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Friday, June 5, 2015

1819 "BEACON" BARN


1819 Rockcastle Homestead Barn

When I lived in Kentucky I was taken in by the spirit of barns. They represented so much of our rural heritage and our past personal individualism. Central Kentucky still has many of these ancient barns crouched on the land. The barns seem to speak to many folks -- as they fly by on the road in their vehicles -- saying to them  "remember when." 


Log granary section of 1819 barn


Vintage barns are like genes -- all different. Built by folks that toiled on the land yet had a certain freedom that is not known today. The above 1819 barn began as a log granary and as the farm grew, plank board additions were added.  The final barn was a "beacon" of a coming together within a family to produce the best they could.



1819 barn --  Plank Board Door

Strength and endurance paid off. No rules and regulations to tell them what they could do with their land. No federal fees to pay or forms to fill out if one wanted to grow organically and no corporate overseers of your farm.  No animals with white tags punched in their ears. Not in the early years. 



1819 Barn --  Tin  Roof

Hundreds of "beacon" barns still stand in Kentucky. Many of them alone and decaying. And yet  they have many stories to tell us. If only we would take the time to listen to them.





17 comments:

  1. I think what makes those barns look so special is that they were made from scratch with hand tools.

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    1. Hattie --- the barn builders were craftsmen. They could take simple tools and craft something as large as a barn -- sometimes it was a small beginning like the log granary. thanks -- barbara

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  2. I think it is wonderful that you have history of these places. Glad someone is documenting their beauty. We have many tobacco barns that are dying ever so slowly. The last tobacco auction was held in the county a few years ago.

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    1. Tabor -- Some day in the future a person will run into a barn in the back country and wonder what the barn is all about. We seem to be a country of tear it down and rebuild something new. A throw away country I would say. thanks -- barbara

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  3. You must live in a photographer's and historian's heaven!

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    1. visualnorway -- My experience is that cities are tear-down zones -- nothing seems worthwhile for long. The countryside is behind the tear-down mentally so one can find cultural values much easier.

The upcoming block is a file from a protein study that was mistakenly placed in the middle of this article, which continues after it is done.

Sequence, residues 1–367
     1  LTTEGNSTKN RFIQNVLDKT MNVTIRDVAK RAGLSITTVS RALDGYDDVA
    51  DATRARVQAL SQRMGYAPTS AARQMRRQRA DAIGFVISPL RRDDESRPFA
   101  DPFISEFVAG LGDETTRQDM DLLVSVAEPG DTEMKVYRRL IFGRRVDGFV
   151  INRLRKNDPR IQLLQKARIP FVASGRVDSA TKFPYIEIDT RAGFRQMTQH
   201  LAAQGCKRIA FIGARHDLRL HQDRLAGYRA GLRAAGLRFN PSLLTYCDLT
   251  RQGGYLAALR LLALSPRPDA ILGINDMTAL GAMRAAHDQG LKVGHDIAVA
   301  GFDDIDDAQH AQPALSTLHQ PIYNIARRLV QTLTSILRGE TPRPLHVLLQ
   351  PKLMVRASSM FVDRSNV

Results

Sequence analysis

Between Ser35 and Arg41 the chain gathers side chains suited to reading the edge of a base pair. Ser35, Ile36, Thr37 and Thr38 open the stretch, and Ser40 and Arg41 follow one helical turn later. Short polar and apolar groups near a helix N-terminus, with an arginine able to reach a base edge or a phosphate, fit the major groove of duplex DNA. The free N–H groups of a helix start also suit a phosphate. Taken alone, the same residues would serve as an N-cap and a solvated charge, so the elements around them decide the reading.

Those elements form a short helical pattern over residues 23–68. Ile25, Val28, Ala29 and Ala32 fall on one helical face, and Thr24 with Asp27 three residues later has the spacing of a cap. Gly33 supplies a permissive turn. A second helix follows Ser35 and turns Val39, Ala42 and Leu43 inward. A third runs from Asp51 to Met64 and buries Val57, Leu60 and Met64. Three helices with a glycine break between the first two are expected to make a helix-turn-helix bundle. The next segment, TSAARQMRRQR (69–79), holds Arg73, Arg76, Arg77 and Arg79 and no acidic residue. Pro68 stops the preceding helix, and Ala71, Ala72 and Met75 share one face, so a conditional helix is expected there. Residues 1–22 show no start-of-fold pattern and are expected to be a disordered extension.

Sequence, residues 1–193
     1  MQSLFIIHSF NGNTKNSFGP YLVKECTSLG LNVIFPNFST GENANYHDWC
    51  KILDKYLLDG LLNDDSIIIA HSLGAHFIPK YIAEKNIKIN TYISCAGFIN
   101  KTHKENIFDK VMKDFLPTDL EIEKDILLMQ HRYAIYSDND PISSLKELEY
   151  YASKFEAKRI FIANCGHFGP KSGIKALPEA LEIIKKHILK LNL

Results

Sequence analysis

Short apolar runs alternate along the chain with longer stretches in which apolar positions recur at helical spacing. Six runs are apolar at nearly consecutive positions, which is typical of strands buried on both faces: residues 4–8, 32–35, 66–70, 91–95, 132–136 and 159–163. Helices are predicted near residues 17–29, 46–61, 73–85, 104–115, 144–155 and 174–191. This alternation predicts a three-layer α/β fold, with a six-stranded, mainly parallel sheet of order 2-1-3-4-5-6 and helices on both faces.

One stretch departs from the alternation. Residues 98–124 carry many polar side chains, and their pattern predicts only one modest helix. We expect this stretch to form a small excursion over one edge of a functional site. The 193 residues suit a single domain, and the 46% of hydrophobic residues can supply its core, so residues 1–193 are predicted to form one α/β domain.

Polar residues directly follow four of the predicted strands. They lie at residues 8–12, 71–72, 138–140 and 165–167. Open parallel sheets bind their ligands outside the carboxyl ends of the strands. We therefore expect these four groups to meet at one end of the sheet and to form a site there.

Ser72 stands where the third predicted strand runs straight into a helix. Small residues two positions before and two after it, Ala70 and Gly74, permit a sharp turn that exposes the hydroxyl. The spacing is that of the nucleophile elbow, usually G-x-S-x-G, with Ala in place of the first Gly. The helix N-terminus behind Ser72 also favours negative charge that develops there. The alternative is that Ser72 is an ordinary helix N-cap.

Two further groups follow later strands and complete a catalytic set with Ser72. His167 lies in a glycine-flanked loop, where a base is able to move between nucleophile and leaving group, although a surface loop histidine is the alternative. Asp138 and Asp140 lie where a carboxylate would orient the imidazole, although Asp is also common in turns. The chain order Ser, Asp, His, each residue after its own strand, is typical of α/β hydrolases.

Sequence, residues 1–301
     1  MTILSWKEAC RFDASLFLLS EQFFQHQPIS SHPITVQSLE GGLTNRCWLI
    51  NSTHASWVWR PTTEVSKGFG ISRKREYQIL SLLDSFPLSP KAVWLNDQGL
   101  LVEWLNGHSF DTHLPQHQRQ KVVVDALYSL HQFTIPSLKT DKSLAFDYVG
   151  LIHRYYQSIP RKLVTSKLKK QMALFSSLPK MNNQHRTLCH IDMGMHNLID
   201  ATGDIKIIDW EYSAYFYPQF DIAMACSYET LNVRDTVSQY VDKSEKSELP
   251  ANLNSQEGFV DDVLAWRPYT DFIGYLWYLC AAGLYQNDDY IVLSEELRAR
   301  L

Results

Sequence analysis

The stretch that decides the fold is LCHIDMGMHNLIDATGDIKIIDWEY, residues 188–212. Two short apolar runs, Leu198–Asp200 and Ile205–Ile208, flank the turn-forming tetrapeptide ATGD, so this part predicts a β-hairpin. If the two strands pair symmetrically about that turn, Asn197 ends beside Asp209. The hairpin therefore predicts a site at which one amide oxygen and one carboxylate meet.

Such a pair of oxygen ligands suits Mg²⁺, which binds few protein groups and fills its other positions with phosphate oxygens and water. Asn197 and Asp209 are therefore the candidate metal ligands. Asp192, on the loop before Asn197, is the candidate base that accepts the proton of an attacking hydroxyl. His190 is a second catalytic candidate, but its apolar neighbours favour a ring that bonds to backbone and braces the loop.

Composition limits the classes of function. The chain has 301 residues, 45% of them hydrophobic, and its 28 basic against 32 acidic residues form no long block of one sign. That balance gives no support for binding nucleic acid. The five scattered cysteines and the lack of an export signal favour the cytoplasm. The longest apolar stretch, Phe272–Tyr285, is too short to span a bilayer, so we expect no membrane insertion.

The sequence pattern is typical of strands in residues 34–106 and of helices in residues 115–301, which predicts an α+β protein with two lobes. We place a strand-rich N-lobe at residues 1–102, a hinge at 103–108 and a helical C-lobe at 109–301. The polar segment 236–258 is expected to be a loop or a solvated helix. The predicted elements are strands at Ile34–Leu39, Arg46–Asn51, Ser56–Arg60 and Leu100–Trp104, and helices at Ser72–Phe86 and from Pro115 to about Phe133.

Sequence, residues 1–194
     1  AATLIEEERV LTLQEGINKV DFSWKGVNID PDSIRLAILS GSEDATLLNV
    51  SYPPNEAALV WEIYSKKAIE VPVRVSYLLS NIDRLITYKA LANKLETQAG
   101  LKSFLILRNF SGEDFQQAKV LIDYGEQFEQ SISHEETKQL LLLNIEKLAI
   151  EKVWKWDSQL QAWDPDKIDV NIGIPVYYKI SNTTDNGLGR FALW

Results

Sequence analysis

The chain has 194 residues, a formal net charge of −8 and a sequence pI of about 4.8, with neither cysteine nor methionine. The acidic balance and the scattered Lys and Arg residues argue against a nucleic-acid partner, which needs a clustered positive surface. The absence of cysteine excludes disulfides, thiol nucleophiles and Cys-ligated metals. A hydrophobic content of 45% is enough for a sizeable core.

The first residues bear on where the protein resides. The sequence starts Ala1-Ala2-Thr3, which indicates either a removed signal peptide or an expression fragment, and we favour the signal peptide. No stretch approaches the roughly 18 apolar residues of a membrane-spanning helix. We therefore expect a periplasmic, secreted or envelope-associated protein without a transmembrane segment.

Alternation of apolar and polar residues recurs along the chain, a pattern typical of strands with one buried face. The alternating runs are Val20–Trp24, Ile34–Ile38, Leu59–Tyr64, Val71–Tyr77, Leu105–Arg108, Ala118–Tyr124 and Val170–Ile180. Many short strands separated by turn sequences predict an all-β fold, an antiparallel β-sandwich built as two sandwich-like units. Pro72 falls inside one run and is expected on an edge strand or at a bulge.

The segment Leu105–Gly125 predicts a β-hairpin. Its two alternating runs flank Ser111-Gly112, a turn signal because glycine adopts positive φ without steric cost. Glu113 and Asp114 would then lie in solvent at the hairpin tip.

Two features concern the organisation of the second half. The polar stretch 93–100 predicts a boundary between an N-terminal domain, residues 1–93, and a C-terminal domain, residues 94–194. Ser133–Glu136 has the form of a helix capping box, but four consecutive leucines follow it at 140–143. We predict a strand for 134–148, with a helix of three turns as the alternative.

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  4. A great study in shapes--logs and planks.

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    1. Joanne -- thanks for your nice comment -- barns have become ancient dwellings. -- barbara

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  5. We might call this "obituary of a barn" and the barn becomes a symbol for the whole society. Wonderful pictures and thought provoking comments. Thank you.

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    1. June -- I agree, "obituary of a barn." would have been a good title. Barns are key features of our culture. We developed as a country depending on the hundreds of farms. -- thanks for the comment -- barbara

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  6. Very cool, wonderful photos. Love the light and shadow.

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    1. Teresa -- Enjoy taking photos of barns as well as the outbuildings that still can be found clustering around them. thanks -- barbara

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  7. What a well cared for 1819 barn, which has endured until the 21st Century. So glad you were able to capture photos of it. Thanks!

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    1. Barbara -- Can you believe that this barn is still in the family of the original 1819 pioneer family that settled this farm. that is why it is cared for. thanks -- barbara

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  8. It's the same here in Alabama, Barbara. We have two on my family's property - one built by my grandfather and one built by my great grandfather. Both in a sad state of neglect. It makes me very sad. That way of life is gone, and it's very sad. My 79 year old father suffering with the onset of Alzheimers can't remember yesterday, but he still remembers his childhood growing up on the farm. That's where he lives in his mind these days, and the barns seem to reflect what is happening to him. So, so sad.

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    1. Starr -- I hope you are collecting the words of your father -- his stories would be a great legacy for your boys. And also photos of the barns, even though they are in decline would be great to go with the words of your father. Alzheimers is tough. My mother had it. What a wonderful history you have in your family farm. thanks -- barbara

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  9. Great capture of this barn. The stories it could tell, I bet.

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